Character recognition accuracy, Machine readability, Optical character recognition (OCR), Voting scheme
This thesis is a benchmark performed on three commercial Optical Character Recognition (OCR) engines. The purpose of this benchmark is to characterize the performance of the OCR engines with emphasis on the correlation of errors between each engine. The benchmarks are performed for the evaluation of the effect of a multi-OCR system employing a voting scheme to increase overall recognition accuracy. This is desirable since currently OCR systems are still unable to recognize characters with 100% accuracy. The existing error rates of OCR engines pose a major problem for applications where a single error can possibly effect significant outcomes, such as in legal applications. The results obtained from this benchmark are the primary determining factor in the decision of implementing a voting scheme. The experiment performed displayed a very high accuracy rate for each of these commercial OCR engines. The average accuracy rate found for each engine was near 99.5% based on a less than 6,000 word document. While these error rates are very low, the goal is 100% accuracy in legal applications. Based on the work in this thesis, it has been determined that a simple voting scheme will help to improve the accuracy rate.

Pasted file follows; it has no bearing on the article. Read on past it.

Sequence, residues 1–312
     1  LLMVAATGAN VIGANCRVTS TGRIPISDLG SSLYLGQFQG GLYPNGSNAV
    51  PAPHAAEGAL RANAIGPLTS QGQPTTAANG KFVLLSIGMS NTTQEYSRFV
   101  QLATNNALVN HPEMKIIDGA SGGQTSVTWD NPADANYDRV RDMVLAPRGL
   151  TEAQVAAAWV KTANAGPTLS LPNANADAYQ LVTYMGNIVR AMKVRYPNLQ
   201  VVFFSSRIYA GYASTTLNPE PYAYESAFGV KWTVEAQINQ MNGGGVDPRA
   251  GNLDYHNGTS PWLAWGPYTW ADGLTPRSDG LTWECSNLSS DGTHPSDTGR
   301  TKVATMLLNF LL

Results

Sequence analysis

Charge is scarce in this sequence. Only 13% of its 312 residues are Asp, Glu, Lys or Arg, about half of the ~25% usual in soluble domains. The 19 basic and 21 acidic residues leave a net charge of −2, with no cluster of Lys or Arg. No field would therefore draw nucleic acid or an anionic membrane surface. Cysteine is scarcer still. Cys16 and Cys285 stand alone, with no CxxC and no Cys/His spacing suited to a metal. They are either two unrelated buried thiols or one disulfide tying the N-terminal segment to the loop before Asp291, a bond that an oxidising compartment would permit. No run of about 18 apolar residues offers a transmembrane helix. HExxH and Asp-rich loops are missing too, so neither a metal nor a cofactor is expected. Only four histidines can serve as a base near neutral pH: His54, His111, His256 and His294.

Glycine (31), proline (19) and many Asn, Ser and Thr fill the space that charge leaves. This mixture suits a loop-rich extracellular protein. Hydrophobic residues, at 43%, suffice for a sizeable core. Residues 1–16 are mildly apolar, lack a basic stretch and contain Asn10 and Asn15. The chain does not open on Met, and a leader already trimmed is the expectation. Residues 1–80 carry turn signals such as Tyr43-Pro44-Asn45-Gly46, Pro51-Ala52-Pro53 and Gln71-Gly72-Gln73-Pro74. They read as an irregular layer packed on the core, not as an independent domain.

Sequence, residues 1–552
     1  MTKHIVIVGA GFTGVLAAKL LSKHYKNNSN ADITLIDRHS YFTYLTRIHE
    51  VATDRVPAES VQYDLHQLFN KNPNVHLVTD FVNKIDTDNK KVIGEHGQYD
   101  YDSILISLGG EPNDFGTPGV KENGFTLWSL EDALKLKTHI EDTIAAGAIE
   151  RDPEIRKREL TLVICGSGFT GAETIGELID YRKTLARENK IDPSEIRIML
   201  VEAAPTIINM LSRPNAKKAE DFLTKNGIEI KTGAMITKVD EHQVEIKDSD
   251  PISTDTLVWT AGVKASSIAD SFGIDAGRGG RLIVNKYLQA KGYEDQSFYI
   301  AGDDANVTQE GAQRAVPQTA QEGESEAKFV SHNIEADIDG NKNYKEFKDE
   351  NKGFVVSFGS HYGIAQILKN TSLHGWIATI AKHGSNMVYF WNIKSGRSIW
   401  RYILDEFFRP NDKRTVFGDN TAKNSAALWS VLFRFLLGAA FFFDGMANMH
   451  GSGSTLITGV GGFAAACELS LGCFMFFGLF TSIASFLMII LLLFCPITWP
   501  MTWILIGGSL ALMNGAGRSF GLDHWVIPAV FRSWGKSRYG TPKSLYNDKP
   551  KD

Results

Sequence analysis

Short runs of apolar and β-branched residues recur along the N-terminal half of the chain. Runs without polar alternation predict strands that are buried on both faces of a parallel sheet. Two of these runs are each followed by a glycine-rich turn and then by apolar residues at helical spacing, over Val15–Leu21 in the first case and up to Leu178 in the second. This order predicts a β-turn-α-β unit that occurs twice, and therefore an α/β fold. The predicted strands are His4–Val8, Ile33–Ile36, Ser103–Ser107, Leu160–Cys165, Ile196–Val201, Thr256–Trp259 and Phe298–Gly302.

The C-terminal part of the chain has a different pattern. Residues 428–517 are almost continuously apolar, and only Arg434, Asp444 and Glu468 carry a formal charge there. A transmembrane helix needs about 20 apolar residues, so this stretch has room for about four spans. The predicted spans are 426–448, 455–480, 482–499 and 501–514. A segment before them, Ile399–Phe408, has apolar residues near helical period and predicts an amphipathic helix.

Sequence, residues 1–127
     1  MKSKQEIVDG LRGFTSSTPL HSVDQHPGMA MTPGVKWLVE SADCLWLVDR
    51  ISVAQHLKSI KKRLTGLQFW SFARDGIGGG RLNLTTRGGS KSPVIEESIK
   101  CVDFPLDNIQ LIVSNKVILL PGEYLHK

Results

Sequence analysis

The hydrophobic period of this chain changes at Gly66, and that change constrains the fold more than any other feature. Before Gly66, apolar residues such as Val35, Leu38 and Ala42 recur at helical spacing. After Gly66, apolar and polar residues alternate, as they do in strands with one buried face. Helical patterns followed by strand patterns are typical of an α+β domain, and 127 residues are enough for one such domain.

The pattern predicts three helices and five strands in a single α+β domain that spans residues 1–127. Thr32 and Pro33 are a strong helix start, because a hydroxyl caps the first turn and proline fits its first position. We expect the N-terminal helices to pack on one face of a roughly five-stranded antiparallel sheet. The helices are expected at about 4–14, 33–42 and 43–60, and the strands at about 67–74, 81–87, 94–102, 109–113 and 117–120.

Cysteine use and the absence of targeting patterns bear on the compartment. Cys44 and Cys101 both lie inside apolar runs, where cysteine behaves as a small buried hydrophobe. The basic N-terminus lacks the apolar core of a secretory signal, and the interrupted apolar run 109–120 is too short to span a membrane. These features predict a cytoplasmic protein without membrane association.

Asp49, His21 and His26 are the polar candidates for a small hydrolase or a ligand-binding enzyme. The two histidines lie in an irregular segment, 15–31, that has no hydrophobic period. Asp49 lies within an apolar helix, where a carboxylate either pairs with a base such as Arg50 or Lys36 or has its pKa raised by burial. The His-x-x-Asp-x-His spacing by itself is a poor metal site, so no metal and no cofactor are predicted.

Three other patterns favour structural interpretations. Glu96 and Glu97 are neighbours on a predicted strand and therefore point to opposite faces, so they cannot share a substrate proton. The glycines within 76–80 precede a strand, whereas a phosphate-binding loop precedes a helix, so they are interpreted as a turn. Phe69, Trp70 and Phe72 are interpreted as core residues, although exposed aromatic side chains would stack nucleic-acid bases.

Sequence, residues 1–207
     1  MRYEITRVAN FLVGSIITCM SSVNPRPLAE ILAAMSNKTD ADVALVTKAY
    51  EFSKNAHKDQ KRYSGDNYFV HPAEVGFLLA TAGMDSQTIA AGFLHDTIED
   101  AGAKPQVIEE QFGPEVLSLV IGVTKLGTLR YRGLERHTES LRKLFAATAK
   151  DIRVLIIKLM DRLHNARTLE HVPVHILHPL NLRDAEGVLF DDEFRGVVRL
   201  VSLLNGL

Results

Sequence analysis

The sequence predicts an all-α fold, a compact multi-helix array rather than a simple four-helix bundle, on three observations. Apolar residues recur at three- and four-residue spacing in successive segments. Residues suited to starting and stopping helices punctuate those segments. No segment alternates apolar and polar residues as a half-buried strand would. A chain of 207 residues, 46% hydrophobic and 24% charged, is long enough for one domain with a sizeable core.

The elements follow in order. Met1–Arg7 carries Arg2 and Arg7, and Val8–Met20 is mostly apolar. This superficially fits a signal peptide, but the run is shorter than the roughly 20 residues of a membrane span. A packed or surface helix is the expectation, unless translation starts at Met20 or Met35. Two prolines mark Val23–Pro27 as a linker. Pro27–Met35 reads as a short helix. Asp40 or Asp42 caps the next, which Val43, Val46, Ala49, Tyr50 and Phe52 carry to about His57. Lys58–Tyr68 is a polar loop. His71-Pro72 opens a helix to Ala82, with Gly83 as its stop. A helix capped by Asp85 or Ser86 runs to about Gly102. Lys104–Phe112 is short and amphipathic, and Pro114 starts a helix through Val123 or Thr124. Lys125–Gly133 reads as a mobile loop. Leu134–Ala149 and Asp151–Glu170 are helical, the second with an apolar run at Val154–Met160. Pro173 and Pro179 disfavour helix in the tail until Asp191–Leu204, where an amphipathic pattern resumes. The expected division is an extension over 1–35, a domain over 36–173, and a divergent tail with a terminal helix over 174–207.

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Master of Science (M.S.)
College of Engineering and Computer Science
Electrical Engineering and Computer Science
Electrical and Computer Engineering
Length of Campus-only Access
Masters Thesis (Open Access)
Dissertations, Academic -- Engineering and Computer Science; Engineering and Computer Science -- Dissertations, Academic
McDonald, Mercedes Terre, "Ocr: A Statistical Model Of Multi-engine Ocr Systems" (2004). Electronic Theses and Dissertations. 38.